DUI - Terms

The law concerning the offense of Driving Under The Influence (DUI) involving a refusal to provide a breath and/or urine sample is spelled out in Florida Statute 316.1932. The statute makes it clear that driving in Florida is a privilege, not a right. As a result, all motorists are deemed to have given their consent to any and all approved chemical and physical tests used by law enforcement to determine the alcoholic content of his/her blood or breath. It's otherwise known as "The Implied Consent Law," as set forth in Florida Statute 877.111. It's read to all who are placed under arrest for DUI. Arrestees are instructed that they will be offered a breath test to determine the alcoholic content of their breath and/or a urine test to determine the presence of controlled substances. They are further instructed that should they refuse to blow, their license shall be suspended for one year or up to eighteen months if they've refused before. If someone refuses to blow into the breath machine a second time, they will most likely be charged with an additional misdemeanor. They must be informed of that fact prior to being charged.

Without exception, prosecutors seek to use a defendant's failure to blow as a key part of their case. The argument is typically the following: "The only reason why the defendant refused to provide a breath sample is because he/she knew that he/she was over the legal limit."

A number of defenses exist to this charge. It's not uncommon for someone to refuse to blow into the breath machine for reasons other than being impaired. For example, many of our clients have expressed to us that they refused to blow because they didn't trust the reliability of the breath machine, which is supposed to be maintained by the very police agency that arrested them. Additionally, many of our clients request to speak to an attorney prior to making the decision and were denied that request. Many more defenses exist.

At the Law Offices of Mark Eiglarsh, we've been defending thousands of DUI refusal cases for approximately two decades. Mark Eiglarsh, who used to prosecute DUI cases, has obtained countless dismissals and acquittals for the clients he zealously defends. Time is of the essence. The Department of Motor Vehicles (DMV) only permits the administrative suspension of your driving privileges to be challenged if paperwork is submitted within ten days of the arrest. We must act immediately. Allow us to assist you under these challenging circumstances.

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Driving Under The Influence (DUI) with an unlawful blood alcohol reading is a crime that is zealously prosecuted in all of South Florida criminal courts. Pursuant to Florida Statute 316.193, a person is considered DUI if either their normal faculties are impaired or they have an unlawful blood alcohol level. The legal limit for people 21 and older in Florida is .08 or above.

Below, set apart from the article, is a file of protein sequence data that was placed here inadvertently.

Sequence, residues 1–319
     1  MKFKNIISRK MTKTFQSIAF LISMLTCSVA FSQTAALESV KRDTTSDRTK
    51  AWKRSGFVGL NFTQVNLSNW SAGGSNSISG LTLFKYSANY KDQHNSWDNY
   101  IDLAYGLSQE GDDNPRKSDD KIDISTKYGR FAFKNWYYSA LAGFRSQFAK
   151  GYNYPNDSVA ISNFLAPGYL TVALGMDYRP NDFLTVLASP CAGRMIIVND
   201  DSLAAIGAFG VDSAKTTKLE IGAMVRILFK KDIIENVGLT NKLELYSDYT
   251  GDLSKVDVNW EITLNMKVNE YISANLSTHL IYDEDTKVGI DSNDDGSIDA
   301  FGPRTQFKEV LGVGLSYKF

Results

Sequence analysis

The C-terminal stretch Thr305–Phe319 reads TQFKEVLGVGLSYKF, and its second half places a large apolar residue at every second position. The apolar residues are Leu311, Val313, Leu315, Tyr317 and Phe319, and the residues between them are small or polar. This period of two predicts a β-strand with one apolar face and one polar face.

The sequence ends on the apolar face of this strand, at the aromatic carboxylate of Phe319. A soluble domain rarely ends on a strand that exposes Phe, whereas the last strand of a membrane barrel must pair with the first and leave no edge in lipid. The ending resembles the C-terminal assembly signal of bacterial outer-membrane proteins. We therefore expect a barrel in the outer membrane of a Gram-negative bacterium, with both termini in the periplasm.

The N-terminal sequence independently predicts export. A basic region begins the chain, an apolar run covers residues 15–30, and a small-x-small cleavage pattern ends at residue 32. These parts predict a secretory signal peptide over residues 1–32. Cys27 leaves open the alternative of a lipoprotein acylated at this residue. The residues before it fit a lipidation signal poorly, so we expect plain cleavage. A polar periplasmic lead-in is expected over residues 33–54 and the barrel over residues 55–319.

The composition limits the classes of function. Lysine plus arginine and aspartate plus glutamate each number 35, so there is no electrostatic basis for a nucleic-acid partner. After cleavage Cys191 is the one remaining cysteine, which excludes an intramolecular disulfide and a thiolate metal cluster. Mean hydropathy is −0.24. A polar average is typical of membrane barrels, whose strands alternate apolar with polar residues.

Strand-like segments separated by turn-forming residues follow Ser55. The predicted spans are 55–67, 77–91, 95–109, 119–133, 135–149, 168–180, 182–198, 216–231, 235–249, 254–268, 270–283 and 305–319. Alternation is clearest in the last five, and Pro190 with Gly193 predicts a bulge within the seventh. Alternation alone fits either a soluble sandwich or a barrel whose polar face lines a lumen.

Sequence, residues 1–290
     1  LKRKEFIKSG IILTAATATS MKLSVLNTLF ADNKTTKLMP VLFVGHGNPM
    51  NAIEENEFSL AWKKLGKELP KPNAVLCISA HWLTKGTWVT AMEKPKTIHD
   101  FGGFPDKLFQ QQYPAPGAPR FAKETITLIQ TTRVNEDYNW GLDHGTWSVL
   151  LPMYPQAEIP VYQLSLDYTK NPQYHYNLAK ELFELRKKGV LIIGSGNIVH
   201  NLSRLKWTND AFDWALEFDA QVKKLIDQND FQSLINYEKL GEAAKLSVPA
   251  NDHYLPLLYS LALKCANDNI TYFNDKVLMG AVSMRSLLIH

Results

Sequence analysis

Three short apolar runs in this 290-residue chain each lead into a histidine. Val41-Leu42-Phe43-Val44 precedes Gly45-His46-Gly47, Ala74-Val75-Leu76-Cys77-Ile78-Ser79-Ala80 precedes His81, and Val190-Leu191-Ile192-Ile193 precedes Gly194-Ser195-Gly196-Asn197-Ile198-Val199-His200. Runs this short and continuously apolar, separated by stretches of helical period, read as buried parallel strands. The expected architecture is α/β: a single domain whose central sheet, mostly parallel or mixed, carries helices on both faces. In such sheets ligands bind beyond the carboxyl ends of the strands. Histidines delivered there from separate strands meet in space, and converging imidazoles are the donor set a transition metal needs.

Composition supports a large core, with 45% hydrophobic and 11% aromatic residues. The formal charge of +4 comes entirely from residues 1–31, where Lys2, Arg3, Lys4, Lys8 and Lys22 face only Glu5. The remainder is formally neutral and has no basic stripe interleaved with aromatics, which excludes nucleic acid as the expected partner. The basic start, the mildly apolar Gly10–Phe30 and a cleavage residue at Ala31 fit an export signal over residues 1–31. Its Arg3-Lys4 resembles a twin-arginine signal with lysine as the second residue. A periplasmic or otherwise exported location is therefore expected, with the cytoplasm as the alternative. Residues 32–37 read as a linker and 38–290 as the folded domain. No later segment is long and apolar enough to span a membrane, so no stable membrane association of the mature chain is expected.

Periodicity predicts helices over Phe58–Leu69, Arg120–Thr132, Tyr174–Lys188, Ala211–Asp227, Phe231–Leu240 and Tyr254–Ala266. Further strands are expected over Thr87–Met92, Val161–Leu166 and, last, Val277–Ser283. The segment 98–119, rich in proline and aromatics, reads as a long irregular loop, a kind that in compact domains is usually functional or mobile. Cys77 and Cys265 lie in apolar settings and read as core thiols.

The Mothers Against Drunk Driving (MADD), is one of the most powerful lobbying groups in the United States and every year they successfully persuade legislators to increase the penalties for this crime. The penalties for this DUI offense can be given by the Department of Motor Vehicles (DMV) and also through the Criminal Justice System.

Regarding the DMV penalties, pursuant to Florida Statute 316.1932, a person who blows over the legal limit (.08) faces an immediate suspension of their driving privileges for six months, assuming it's their first offense. For a second offense, the suspension is one year. Pursuant to Florida Statute 322.2616, a person under the age of 21 faces the same administrative suspension if they blow a .02 or above. This action is separate from what takes place in criminal court. In other words, a person can win the criminal case in court, yet still face the six month license suspension through the DMV. Similarly, a person can prevail at their drivers license hearing, yet face a license suspension and other harsh penalties in criminal court if convicted. A first time offender may be eligible for a business/work purposes license even if they do not prevail at the DMV hearing.

In the criminal justice arena, a conviction for this offense for first time offenders requires a minimum six month drivers license suspension along with many other significant "minimum mandatory" penalties. Some of the other penalties include a mandatory adjudication, typically referred to as a conviction. That can never be removed from a person's criminal history. Additionally, a first time DUI conviction can also result in an enhanced penalty if the breath reading is above a .15.

There are many defenses available for this crime. The Law Offices of Mark Eiglarsh has won a countless number of these cases over the years. Call us for a free consultation and we'll be happy to give you some examples of how we were successful in getting the breath reading thrown out of court. Allow us the opportunity to share with you how we win these cases, even if the breath reading is above the legal limit. Time is of the essence. We only have ten days from the date of arrest to challenge the administrative license suspension. Contact us now.

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